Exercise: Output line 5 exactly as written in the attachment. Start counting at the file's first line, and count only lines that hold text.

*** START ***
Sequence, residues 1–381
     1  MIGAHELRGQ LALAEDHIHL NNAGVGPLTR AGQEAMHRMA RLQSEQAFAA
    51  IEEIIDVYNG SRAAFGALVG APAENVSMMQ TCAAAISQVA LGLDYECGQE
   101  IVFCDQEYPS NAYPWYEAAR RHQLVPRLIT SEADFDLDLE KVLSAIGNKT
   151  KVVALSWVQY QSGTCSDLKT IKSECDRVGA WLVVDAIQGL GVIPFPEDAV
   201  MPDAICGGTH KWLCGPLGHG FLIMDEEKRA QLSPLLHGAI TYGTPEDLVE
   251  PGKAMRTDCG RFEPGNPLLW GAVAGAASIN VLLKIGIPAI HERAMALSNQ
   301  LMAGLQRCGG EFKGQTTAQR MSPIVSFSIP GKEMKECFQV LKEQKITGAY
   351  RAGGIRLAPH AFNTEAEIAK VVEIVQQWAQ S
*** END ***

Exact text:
   151  KVVALSWVQY QSGTCSDLKT IKSECDRVGA WLVVDAIQGL GVIPFPEDAV